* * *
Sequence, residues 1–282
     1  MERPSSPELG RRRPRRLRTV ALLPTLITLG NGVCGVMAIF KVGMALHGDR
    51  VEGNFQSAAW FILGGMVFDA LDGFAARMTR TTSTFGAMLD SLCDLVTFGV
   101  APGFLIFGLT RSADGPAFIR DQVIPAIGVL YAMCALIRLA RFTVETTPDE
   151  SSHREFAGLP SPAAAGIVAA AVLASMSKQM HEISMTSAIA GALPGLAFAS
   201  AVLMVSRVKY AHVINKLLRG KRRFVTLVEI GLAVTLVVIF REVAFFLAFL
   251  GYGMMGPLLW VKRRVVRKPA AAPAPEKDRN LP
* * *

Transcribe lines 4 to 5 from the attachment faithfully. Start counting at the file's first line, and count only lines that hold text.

   101  APGFLIFGLT RSADGPAFIR DQVIPAIGVL YAMCALIRLA RFTVETTPDE
   151  SSHREFAGLP SPAAAGIVAA AVLASMSKQM HEISMTSAIA GALPGLAFAS